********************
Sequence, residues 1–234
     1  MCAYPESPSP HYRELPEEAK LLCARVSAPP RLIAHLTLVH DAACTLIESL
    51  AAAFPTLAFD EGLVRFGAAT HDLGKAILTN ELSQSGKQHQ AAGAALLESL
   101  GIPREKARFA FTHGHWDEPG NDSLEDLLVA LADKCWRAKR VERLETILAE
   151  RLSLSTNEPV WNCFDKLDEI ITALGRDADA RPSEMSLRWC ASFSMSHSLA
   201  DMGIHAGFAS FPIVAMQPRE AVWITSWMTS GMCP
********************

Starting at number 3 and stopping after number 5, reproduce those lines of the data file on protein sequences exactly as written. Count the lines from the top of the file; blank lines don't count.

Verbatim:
    51  AAAFPTLAFD EGLVRFGAAT HDLGKAILTN ELSQSGKQHQ AAGAALLESL
   101  GIPREKARFA FTHGHWDEPG NDSLEDLLVA LADKCWRAKR VERLETILAE
   151  RLSLSTNEPV WNCFDKLDEI ITALGRDADA RPSEMSLRWC ASFSMSHSLA